Proliferation Press

A webpage devoted to tracking and analyzing current events related to the proliferation of WMD/CBRN.

Ariel Cohen Thinks We Can’t Read Russian: Cohen’s Misleading Critique of Obama’s “Reset” of U.S.-Russian Relations

Posted by K.E. White on June 24, 2010

Yes, Ariel Cohen thinks I can’t read Russian.

Actually he’s right. But I can do a quick babblefish translation.

Why is this important? Because translating one of Cohen’s cites reveals his critique to be grossly misleading.

Ariel Cohen, a Heritage Foundation research fellow, launches this clumsy and fatally exaggerated data-dump on Sen. John Kerry’s defense of Obama’s “reset” strategy towards Russia.

But his most explosive charge against the “reset” seems built on little more than exaggeration. In return for sanctions on Iran and a new START treaty, Cohen suggests that Obama has given Russia a free hand in “the post-Soviet ‘near abroad’”citing to a Russian publication. Now that vague term triggers images of a new Cold War divide in Europe.

Unfortunately, the cited article states nothing close to Cohen’s implication. In fact, the article, written by a Russian researcher, actually extols America recognizing recent Ukrainian elections that brought a pro-Russian government to power.

That’s a far cry from giving Russia a free hand to the post-Soviet near abroad.

And that doesn’t even get to the article’s most egregious omission: Cohen criticizes a lot, but fails to offer any alternative.

Sloppy research and data-dumping shouldn’t be permitted by any think-tank, whether it’s a blog-post or article.

Here’s a recapitulation of Cohen’s exhaustive list of U.S. “concessions” to Russia:

1. “limiting the U.S. ballistic missile defense”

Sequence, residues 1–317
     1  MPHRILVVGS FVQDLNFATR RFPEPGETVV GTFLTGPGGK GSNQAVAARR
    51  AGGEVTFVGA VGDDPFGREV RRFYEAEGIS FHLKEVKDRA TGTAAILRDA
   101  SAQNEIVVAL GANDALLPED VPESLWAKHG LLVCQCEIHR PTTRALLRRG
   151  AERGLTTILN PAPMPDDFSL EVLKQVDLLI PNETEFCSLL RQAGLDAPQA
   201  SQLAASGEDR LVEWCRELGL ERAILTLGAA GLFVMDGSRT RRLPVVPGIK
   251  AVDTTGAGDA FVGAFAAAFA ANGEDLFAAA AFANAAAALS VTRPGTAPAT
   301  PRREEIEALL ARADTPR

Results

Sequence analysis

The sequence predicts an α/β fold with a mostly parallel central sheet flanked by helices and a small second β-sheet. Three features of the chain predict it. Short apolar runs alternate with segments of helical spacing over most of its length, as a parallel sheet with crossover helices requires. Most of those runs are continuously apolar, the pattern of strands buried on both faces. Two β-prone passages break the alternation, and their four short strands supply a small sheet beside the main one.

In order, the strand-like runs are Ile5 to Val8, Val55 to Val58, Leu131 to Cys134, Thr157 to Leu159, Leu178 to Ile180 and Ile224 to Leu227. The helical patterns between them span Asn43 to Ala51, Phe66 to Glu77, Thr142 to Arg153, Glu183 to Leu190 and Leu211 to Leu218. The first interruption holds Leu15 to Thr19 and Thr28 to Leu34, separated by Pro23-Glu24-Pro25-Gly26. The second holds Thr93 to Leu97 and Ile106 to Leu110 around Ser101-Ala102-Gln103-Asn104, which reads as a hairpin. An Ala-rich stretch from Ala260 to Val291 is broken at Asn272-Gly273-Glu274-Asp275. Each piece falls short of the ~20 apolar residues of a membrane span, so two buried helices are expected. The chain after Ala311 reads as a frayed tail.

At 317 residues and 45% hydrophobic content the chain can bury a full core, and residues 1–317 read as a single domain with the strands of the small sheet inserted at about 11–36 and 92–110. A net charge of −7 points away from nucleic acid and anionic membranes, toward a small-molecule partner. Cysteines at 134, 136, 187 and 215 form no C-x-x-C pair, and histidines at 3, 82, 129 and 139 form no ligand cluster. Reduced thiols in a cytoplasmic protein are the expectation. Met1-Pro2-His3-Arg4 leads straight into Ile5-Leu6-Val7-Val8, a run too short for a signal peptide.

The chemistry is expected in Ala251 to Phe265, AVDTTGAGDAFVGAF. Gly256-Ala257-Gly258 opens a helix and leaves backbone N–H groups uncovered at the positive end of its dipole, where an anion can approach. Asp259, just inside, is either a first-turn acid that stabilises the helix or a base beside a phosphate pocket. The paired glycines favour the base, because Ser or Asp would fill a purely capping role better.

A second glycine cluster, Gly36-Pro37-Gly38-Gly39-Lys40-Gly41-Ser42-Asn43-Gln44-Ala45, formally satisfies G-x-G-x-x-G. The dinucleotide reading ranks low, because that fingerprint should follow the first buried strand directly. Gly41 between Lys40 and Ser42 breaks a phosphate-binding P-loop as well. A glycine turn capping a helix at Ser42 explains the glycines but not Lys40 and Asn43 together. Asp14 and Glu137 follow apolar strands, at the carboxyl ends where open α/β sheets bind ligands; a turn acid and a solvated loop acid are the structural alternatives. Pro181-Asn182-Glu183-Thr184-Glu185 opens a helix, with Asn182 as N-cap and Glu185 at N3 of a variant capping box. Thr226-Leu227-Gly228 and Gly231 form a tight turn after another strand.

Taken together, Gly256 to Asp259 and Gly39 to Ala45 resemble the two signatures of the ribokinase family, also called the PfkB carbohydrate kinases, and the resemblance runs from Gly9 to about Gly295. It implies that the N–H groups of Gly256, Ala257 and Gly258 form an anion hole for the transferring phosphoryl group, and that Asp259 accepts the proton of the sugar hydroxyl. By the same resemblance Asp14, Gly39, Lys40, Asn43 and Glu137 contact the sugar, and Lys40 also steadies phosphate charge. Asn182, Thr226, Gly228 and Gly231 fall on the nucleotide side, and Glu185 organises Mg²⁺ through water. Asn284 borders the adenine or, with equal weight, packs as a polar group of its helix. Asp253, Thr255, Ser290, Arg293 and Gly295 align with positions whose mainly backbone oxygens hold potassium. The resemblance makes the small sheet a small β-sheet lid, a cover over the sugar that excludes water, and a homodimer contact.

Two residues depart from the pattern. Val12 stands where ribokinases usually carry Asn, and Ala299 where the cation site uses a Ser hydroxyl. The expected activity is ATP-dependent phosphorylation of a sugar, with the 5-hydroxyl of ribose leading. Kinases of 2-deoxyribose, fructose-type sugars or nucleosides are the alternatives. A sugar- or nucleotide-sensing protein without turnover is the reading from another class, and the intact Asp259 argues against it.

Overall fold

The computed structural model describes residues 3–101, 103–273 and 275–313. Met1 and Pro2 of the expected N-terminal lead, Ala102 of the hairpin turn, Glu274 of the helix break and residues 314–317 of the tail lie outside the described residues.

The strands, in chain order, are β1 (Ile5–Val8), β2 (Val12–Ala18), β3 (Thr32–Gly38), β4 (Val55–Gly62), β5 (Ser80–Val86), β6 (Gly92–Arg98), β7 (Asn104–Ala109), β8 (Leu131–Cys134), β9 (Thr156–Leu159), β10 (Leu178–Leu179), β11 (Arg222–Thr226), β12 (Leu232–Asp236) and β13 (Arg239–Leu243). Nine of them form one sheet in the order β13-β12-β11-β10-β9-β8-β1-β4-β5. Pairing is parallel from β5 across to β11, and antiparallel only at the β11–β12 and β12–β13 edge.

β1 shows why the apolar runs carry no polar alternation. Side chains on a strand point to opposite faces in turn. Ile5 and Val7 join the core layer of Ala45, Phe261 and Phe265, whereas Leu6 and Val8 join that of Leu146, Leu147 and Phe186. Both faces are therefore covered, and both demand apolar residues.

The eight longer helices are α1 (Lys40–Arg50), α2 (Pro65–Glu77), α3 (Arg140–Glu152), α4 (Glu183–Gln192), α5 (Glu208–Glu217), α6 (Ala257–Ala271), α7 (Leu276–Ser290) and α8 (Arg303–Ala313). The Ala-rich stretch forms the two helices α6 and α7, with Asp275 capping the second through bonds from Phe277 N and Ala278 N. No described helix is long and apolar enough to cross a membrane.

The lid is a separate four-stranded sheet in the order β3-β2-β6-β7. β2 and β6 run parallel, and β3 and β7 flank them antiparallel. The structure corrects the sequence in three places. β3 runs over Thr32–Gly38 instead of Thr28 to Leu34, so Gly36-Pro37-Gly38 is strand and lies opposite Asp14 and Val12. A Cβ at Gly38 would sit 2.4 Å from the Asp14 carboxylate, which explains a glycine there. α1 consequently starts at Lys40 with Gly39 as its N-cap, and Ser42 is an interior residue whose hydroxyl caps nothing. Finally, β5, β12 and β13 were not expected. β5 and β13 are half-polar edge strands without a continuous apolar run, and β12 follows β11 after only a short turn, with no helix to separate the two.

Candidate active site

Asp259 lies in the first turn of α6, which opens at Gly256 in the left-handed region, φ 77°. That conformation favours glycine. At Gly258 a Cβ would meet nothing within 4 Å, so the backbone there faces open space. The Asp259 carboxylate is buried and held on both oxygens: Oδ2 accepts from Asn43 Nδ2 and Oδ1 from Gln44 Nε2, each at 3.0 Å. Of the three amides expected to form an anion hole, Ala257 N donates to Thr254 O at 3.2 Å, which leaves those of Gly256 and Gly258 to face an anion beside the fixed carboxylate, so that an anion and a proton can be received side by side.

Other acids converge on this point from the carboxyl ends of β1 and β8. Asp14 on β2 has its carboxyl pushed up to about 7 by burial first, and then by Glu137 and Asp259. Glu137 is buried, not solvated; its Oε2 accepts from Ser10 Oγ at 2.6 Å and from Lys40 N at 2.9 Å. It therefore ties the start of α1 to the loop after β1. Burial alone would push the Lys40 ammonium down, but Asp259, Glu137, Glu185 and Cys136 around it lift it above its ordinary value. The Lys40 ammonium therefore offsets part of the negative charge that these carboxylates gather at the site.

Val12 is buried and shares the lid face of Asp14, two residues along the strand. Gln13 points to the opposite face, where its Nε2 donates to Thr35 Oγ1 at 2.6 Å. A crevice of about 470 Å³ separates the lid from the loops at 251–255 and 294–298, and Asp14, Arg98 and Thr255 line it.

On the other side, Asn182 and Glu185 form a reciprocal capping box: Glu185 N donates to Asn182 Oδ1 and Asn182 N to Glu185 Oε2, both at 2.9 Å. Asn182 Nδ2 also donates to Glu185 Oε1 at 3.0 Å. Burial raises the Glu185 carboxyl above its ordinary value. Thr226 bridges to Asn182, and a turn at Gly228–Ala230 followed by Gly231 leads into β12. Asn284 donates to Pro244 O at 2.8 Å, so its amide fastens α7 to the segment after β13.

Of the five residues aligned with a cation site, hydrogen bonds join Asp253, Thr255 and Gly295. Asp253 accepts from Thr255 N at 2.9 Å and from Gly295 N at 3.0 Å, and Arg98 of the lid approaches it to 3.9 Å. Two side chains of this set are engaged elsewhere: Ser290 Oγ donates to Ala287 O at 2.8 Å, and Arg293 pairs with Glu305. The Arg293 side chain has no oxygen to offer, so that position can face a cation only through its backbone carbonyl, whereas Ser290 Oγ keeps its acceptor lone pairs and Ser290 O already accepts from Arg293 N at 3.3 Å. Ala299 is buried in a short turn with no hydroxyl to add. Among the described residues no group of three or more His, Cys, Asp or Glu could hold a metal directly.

2. Recognizing “Russia’s exclusive zone of interests” in the “post-Soviet near abroad” (Again, this actually means recognizing Russia’s increased influence in the Ukraine, not a free-hand in Eastern Europe)

3. “new security architecture in Europe”

4. 123 civilian nuclear reactor agreement — $10-15 billion in new nuclear fuel reprocessing business

5. Support for Russia’s entry into the WTO

6. Secret deal to limit U.S. ballistic missile defense (how does one argue against the charge of a secret deal?)

7. Russia has allowed more U.S. and NATO traffic of Russian territory

And in return, according to Cohen, America has received remarkably little:

1. Russia still supporting Venezuela and Syria

2. Weak sanctions against Iran “In short, Russia will be milking the rest for all its worth.”

3. A new START treaty with one-sides terms in two significant ways: first, the U.S has to eliminate 80 warheads more than Russia; second, the United States must eliminate 150 delivery platforms, while Russia can add over 100.  (A somewhat biased view of the agreement)

I have two questions for Cohen. First, what concessions would he take back? Second, what pressure should America apply to Russia?

Cohen’s article acts as a rejoinder to Sen. John Kerry’s defense of Obamaland’s foreign policy towards Russia. In his Politico op-ed, Kerry endorses the “reset” of U.S.-Russian relations: heralding the new START treaty, and Russia’s support of new Security Council sanctions against Iran, decision to not sell Iran anti-aircraft missiles and open airspace to US and NATO flights to Afghanistan.

Ariel Cohen serves as Senior Research Fellow in Russian and Eurasian Studies and International Energy Policy at the Katherine and Shelby Cullom Davis Institute for International Policy at the Heritage Foundation. Owen Graham, Research Assistant to the Davis Center, contributed to the blog-post.

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